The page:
Sýkora told The Slovak Spectator that ZMOS and the Finance Ministry have approached an agreement and made the maximum possible compromise.

He appreciates that the ministry abandoned its original plan, which would have hurt the 2,600 municipalities with less than 500 inhabitants.

“The proposal we agreed on would not fundamentally threaten any of the municipalities and is more fair to everyone than the previous one was,” Sýkora said.

As for larger municipalities, Sýkora says that in fact they will have more money in their pockets than they had in 2004, but perhaps not as much as they would like to have.

In December 2004, towns and villages are expected to collect one type of tax and twelve types of local fees. In January 2005, municipalities will be able to collect eight kinds of taxes and one kind of fee.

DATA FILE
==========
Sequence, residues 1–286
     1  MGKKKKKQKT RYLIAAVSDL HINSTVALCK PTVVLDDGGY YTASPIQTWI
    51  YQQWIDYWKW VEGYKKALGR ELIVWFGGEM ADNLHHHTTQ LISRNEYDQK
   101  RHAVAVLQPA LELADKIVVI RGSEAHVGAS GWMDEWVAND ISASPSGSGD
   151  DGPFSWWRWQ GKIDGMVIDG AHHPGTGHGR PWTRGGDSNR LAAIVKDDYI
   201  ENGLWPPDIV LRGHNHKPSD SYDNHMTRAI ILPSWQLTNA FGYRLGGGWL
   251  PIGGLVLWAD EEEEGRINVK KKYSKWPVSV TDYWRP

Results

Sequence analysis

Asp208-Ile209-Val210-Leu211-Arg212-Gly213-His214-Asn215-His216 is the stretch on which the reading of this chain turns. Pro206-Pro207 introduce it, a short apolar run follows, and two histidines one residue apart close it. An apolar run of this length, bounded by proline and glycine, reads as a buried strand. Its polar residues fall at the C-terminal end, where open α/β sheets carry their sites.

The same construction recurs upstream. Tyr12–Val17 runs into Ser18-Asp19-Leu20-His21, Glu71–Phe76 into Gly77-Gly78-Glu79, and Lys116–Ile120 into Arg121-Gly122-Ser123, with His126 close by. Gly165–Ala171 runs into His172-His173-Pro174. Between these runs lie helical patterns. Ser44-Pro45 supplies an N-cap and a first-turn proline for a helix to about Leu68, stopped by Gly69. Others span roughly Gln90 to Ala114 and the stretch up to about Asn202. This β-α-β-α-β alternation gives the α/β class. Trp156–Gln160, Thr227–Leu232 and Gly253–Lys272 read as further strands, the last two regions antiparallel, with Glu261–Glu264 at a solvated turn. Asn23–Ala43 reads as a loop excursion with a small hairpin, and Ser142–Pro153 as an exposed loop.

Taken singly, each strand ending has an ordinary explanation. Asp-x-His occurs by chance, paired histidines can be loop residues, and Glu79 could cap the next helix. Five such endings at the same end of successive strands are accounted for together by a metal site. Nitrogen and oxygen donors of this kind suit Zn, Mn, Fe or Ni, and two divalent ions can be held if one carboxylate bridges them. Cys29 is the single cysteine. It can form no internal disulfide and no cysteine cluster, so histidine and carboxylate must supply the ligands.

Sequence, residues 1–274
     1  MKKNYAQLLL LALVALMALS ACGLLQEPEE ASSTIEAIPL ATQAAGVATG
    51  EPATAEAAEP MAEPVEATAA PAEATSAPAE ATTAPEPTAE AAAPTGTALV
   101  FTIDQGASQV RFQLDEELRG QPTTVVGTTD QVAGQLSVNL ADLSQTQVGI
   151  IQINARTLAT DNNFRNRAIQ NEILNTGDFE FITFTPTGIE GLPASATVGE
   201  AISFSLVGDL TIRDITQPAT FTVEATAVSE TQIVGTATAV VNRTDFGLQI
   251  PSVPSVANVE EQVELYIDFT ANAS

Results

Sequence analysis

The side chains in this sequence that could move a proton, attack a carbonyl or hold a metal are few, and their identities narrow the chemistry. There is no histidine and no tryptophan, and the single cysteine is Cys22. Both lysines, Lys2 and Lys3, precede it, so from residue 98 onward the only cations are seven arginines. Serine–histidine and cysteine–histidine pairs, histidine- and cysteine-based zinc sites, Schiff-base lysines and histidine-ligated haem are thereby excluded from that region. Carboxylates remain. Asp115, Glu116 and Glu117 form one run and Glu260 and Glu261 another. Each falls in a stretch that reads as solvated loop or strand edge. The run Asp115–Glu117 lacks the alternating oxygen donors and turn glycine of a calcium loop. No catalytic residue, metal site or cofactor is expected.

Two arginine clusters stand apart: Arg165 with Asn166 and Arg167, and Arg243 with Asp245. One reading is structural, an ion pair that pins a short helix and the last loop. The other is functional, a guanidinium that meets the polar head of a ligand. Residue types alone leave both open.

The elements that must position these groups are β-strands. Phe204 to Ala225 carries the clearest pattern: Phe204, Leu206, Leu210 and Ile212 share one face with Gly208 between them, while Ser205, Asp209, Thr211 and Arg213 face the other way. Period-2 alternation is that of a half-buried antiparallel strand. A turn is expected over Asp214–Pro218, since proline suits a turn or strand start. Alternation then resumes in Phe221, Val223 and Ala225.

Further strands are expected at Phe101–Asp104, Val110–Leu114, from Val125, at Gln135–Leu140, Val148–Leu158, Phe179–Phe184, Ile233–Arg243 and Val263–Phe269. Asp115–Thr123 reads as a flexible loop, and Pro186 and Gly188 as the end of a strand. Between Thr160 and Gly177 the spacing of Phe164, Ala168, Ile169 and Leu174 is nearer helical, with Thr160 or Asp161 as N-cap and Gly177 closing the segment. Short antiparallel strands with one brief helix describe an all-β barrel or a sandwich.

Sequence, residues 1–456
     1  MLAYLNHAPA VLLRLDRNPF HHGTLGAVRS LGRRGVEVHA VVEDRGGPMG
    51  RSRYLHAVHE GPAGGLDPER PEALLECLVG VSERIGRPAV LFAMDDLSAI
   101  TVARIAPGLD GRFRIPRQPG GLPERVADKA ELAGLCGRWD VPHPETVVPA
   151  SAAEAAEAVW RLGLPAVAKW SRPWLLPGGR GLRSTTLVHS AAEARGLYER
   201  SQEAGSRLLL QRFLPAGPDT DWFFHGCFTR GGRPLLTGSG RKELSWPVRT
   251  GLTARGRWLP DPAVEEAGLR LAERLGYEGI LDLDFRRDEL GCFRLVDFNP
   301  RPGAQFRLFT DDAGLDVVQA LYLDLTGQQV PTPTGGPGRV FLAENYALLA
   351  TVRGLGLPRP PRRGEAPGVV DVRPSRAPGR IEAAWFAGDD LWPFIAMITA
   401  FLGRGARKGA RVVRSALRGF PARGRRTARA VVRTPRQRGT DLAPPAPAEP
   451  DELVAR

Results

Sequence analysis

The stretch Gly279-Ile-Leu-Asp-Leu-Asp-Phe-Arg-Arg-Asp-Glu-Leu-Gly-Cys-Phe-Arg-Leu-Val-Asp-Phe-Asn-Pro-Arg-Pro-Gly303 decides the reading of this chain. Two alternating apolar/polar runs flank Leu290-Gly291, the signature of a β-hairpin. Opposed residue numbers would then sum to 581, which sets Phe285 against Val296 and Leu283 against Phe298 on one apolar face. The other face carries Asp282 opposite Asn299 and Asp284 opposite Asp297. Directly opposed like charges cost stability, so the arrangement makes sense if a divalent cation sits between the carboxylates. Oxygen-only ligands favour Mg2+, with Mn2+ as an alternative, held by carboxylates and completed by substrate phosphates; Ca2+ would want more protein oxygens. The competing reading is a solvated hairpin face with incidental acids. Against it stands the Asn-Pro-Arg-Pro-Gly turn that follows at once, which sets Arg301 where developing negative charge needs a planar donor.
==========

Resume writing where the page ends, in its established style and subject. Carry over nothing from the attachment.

The Hungarian Coalition party wants a distribution model that guarantees smaller towns up to 95 percent of the finances they are used to receiving.

Agriculture Minister Zsolt Simon, who is also an SMK member, said that the Finance Ministry’s draft puts indirect pressure on smaller villages to merge.

Finance Ministry spokesman Peter Papanek rejected the SMK criticism.

“The coefficient of size might create the impression that the state is encouraging villages to merge.

“However, this is not true. The primary goal of the criteria was to respect the increasing need for finances for towns and villages that also administer inhabitants of surrounding villages,” Papanek told The Slovak Spectator.

Papanek insists that the draft directive that defines how taxes would be distributed is effective and offers a fair solution for both smaller and bigger towns.

“The main goal of fiscal decentralisation is to increase transparency in public fund management. It will create stable rules for financing, which are transparent and just.

“The distribution model we proposed eliminates subjectivity in providing subsidies from the state budget. The financial sources will be distributed based on clear criteria, valid for all,” Papanek said.